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5 minutes ago, NoShear said:

  Ah...

 Possibly Howard Roberts on the "Bell..." soundtrack as well, jamesjazzguitar? (The guitar sounds similar on both recordings.)

My guess is that it is Roberts on the "Bell" soundtrack since it sounds similar (and sounds like him),   and Roberts lived within miles of where the film was made and was known to get a lot of such work during the late 50s and into the 60s.

 

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1 minute ago, jamesjazzguitar said:

Re: "My guess is that it is Roberts on the "Bell" soundtrack since it sounds similar (and sounds like him),   and Roberts lived within miles of where the film was made and was known to get a lot of such work during the late 50s and into the 60s."

 Presumably at least in part to your knowledge of Howard Roberts, jamesjazzguitar, Roberts shows up periodically on the boards, I've noticed, and I have learned of the other reason because of this - his prominence as a guitarist, of course!

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17 minutes ago, jamesjazzguitar said:

Re: "My guess is that it is Roberts on the "Bell" soundtrack since it sounds similar (and sounds like him),   and Roberts lived within miles of where the film was made and was known to get a lot of such work during the late 50s and into the 60s."

 As he was not limited to "just" jazz backings - going on to session popular stuff, Howard Roberts made a case that he was THE session guitarist of the Americans - with Big Jim Sullivan making a similar case on the other side of the proverbial pond. 

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1 hour ago, NoShear said:

 As he was not limited to "just" jazz backings - going on to session popular stuff, Howard Roberts made a case that he was THE session guitarist of the Americans - with Big Jim Sullivan making a similar case on the other side of the proverbial pond.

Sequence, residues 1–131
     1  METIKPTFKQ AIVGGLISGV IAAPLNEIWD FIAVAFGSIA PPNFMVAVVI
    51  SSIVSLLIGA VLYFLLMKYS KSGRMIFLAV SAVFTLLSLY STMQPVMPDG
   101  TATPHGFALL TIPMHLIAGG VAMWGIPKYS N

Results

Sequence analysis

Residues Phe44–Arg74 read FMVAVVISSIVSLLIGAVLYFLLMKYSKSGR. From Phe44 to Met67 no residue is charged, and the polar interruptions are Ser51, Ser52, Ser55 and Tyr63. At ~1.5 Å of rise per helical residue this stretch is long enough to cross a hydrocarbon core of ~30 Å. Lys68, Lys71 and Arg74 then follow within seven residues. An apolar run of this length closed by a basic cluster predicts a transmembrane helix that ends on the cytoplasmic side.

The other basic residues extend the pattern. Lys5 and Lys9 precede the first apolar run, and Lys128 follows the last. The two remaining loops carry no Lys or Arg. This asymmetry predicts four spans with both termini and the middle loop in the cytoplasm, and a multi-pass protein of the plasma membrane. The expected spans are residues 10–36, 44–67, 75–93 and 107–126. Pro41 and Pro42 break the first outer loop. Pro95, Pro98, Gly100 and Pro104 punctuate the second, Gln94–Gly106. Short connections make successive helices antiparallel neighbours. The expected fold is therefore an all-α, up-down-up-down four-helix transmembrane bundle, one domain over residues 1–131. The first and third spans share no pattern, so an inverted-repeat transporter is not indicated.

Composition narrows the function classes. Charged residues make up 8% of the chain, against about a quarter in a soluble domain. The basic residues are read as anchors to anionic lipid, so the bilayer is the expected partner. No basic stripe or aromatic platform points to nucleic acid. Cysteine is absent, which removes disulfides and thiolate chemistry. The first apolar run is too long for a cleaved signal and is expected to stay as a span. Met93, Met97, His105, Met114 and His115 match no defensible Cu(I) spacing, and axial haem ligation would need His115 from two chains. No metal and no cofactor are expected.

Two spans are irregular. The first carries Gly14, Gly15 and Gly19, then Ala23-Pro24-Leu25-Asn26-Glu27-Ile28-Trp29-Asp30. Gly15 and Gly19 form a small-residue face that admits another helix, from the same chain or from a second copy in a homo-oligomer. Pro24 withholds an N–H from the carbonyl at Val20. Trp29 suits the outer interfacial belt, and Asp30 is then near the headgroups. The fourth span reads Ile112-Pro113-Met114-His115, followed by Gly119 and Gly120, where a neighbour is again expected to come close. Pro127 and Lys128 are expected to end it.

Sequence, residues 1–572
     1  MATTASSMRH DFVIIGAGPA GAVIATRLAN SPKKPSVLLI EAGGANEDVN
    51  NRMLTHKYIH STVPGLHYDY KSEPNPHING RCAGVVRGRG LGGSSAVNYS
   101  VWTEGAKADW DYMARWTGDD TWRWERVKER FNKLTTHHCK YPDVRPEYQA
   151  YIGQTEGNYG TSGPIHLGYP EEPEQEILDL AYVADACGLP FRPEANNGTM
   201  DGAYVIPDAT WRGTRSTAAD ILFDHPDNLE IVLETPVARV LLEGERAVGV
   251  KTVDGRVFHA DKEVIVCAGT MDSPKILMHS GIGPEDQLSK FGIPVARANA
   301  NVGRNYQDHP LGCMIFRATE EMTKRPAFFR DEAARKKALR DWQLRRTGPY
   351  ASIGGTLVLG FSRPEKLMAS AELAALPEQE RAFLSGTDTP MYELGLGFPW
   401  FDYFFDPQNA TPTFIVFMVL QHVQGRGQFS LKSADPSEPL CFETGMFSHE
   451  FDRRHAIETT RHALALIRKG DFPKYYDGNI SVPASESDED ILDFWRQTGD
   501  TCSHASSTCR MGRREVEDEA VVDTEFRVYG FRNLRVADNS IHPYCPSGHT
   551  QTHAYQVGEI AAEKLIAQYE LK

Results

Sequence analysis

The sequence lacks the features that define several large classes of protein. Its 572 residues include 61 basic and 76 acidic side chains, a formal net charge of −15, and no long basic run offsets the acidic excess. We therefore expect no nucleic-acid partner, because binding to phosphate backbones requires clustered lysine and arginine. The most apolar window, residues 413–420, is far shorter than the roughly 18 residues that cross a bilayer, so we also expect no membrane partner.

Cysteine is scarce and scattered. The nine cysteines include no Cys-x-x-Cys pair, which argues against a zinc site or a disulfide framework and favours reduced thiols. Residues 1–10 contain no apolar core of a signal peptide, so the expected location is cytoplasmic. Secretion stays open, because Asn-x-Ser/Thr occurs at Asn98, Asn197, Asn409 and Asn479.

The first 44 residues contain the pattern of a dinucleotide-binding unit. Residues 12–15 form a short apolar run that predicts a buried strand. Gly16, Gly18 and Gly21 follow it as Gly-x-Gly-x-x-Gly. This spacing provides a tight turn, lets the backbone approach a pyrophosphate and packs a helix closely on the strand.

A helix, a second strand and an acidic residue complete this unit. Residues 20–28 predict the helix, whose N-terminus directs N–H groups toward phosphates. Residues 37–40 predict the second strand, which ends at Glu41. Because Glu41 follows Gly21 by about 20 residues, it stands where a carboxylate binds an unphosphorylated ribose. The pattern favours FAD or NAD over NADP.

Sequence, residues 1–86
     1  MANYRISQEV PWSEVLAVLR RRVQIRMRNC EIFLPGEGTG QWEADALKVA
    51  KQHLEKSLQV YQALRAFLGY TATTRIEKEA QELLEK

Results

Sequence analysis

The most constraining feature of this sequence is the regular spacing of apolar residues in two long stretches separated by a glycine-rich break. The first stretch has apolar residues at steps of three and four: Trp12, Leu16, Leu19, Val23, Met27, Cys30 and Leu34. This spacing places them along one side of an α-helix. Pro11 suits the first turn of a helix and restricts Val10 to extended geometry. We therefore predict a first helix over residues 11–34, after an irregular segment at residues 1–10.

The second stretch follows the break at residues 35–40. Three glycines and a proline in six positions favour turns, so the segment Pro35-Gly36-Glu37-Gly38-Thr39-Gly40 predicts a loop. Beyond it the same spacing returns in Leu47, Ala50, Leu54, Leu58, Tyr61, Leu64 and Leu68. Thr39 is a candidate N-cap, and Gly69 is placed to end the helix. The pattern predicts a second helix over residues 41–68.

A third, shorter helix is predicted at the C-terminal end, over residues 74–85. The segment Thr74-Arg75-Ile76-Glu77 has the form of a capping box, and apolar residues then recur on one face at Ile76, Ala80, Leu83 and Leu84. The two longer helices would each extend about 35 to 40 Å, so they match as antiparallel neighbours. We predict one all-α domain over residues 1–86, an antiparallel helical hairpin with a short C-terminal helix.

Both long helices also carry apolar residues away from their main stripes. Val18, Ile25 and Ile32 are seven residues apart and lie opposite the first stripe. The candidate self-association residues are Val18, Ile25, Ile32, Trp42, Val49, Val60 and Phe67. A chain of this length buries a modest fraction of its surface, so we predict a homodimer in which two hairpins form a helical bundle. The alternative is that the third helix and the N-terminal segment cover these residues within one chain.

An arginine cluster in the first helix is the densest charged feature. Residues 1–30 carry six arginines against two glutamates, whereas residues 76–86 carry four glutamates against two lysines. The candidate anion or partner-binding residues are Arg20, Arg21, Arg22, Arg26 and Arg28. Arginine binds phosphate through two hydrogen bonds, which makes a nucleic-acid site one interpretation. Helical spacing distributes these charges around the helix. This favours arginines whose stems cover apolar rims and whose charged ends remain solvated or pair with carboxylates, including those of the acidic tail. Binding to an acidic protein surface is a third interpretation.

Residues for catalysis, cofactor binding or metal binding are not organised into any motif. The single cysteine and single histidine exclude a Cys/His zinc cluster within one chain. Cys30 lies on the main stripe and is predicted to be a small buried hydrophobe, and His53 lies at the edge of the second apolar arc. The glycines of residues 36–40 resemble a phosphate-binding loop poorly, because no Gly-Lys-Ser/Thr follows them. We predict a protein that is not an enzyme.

I'm fine with labeling Roberts THE session guitarist of his era.       He also founded the Guitar Institute of Technology in Hollywood.    

I saw Roberts live many times in West Hollywood jazz clubs.     It was a common joke among jazz musicians and jazz fans that Roberts would let-his-hair-down in these clubs;  I.e.  really let loose with his jazz chops since his-day-job was playing a lot of commercial,  corny,  session music.     Roberts was signed by Capital and made a lot of pop-jazz albums.   I call these pop-jazz since the songs were mostly pop songs and ran < 3-4 minutes.     

Later in his career Roberts put out an album called The Real Howard Roberts;   This was straight ahead jazz like the type I saw him play in those clubs.   

Roberts was a top notch jazz guitarist but he was also a business man which is rare for jazz musicians.  

     

 

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3 hours ago, NoShear said:

One of the most significant rock guitar-oriented albums of all, Van HaleN  is possibly the most important one to be released in the past fifty years or so

I would not argue against it, but one thing I KNOW for sure is I love that album!  A lot of times for a band, the first album is the best...

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5 hours ago, NoShear said:

 Bruce Springsteen's daughter, Jessica, is competing in Tokyo...

 Roy Bittan's shimmering keyboards are heard in BABY IT'S YOU (1983):     

 

 

 

I had that album. The grandiose arrangement and performance of the title tune, to me, had a kind of lush Broadway production-Phil Spector "Wall of Sound" vibe. It dynamically hooked me on Springsteen, impelling me to buy his earlier albums, Greetings from Asbury Park and The Wild, the Innocent & the E Street Shuffle . . . which sounded nothing like Born to Run and which didn't thrill me*.